When you get stuck in the habit of trying to please other people most of the time, it can have a sneaky and negative effect on your life. And not only on you but also on the people around you.
Because as you try to please:
- You put on a mask and try to guess what to do while getting anxious and stressed.
- Sometimes you feel taken advantage of by others who use your people pleasing habit.
- Often you feel out of tune with what you yourself deep down want.
- It can also have an unintended effect on other people as they may see through your mask, start to feel your inner discomfort and stress themselves and get confused or upset because they sense you are not being honest and straightforward with them.
So being a people pleaser may not create the outcomes you seek and often can be an even worse choice than one may at first think.
So how can you change this behaviour and break the habit?
This month I’d like to share 7 powerful insights and habits that have helped me with this issue.
1. Realize that with some people it isn’t about you and what you do (no matter what you do).
Some people just can’t be pleased. No matter what you do. Because it’s not about what you do or do not do. It’s about him or her.
By realizing this and how you in the end can’t get everyone to like you or can’t void conflict no matter what you do, you can start to let go of this damaging habit.
2. Learn how to say no.
It’s of course hard to say no. But it is vital for you to own happiness, stress levels and for living the life you truly want.
Here are 5 things that have made it easier for me to say no more often:
- Disarm and state your need. It’s easier for people to accept your no if you disarm them first. Do that by, for instance, saying that you’re flattered or that you appreciate the kind offer. Then add that you, for example, simply don’t have the time for doing what they want. Now you are establishing a boundary for your sake.
- If they’re pushy, add how you feel. Say that you don’t feel that this offer is a good fit for your life right now. Or that you feel overwhelmed and very busy and so you cannot do whatever they want. Telling someone how you honestly feel can help them to understand your side of the issue better. And it’s also a lot harder to argue with how you feel rather than what you think.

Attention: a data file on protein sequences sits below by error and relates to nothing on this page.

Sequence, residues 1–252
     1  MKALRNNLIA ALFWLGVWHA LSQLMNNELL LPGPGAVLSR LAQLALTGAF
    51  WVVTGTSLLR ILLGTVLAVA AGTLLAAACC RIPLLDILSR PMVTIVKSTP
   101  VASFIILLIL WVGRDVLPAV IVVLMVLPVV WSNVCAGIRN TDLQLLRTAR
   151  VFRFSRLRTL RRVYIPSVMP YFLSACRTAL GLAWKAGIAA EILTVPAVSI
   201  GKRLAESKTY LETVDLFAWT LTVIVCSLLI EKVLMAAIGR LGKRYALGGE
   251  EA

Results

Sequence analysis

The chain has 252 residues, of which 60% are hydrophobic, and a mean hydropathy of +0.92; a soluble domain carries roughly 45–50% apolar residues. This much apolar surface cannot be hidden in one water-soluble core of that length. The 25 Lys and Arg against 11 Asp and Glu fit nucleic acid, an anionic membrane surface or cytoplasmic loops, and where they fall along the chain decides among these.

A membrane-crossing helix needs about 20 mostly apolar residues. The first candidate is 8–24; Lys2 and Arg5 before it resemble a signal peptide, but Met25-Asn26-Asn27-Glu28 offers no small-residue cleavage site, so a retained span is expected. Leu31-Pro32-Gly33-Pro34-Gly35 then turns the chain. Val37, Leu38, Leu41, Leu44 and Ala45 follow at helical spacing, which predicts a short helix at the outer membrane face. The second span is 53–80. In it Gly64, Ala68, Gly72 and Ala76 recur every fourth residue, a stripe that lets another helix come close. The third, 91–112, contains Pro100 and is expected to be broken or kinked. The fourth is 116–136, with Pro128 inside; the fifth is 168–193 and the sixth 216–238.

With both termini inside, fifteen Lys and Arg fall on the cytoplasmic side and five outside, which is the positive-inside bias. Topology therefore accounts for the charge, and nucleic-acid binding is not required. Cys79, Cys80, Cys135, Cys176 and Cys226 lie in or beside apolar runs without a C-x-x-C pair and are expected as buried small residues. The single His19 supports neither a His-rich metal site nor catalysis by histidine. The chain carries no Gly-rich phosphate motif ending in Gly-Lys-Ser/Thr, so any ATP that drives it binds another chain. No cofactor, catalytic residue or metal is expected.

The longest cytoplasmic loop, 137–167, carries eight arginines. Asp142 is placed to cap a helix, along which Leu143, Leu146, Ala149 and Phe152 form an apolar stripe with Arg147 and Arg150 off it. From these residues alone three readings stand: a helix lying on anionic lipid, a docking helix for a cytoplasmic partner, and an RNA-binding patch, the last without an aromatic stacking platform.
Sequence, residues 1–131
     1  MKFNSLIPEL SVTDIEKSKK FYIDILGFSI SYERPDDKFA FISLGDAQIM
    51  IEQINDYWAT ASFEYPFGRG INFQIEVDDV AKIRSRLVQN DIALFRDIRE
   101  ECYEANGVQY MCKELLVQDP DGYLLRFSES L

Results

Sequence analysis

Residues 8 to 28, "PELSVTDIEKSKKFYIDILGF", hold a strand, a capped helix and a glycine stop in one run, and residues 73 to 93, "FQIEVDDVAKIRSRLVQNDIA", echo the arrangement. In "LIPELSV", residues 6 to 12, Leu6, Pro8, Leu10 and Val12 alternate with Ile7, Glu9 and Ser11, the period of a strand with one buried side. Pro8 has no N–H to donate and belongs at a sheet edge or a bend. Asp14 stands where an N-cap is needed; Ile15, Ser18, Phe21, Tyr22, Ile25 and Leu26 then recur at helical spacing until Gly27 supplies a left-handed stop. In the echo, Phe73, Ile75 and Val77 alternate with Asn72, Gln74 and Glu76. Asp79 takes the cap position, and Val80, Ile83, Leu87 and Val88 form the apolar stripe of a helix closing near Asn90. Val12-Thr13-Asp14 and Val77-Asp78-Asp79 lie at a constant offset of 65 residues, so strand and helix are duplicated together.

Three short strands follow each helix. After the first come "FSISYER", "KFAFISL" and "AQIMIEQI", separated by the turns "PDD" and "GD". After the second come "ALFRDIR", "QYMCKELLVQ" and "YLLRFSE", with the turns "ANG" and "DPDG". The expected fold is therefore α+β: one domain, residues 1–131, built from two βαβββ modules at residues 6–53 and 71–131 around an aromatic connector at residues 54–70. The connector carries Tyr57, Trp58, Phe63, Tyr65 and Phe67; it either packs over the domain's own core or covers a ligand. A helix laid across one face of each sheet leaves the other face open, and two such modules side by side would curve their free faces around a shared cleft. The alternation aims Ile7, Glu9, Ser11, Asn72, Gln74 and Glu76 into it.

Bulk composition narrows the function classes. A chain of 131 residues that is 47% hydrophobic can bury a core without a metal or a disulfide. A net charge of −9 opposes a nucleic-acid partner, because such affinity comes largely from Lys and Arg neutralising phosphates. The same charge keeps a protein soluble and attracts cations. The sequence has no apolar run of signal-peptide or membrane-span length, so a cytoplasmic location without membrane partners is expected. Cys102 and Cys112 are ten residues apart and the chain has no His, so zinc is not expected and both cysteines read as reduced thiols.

- Help out a bit. If possible, finish your reply by recommending someone that you think could help out or would be a better fit for what they need. I do this quite often when I feel I lack the knowledge or experience that a reader or a friend is looking for.
- Remind yourself why it is important to sometimes say no: You teach people by how you behave. They learn about you and your boundaries from your behaviour. So if you stand up for yourself and say no and are assertive about what you don’t want then people will start to pick up on that. And over time you’ll encounter fewer and fewer situations where someone tries to be pushy or steamroll you.
- It’s OK to feel a bit guilty about saying no (but you don’t have to act on it). Just feel it and be with that feeling for a while. But at the same time know that it doesn’t mean that you have to act on it and say yes or do what they want you to do.
Interested in practical ways to say no? I’m happy to share with you my list of ’99 ways to say No’. Just email me.
3. People don’t really care that much about what you say or do.
The truth is that while you may be the main character in your own life and head, you’re not that in other people’s lives. Because here’s the thing: people have their hands full with thinking and worrying about their own lives. They have their heads full of thoughts about their kids, career, pets, hobbies, dreams and worries or thoughts about what others may think of them.
This realization can make you feel less important. But it can also set you free.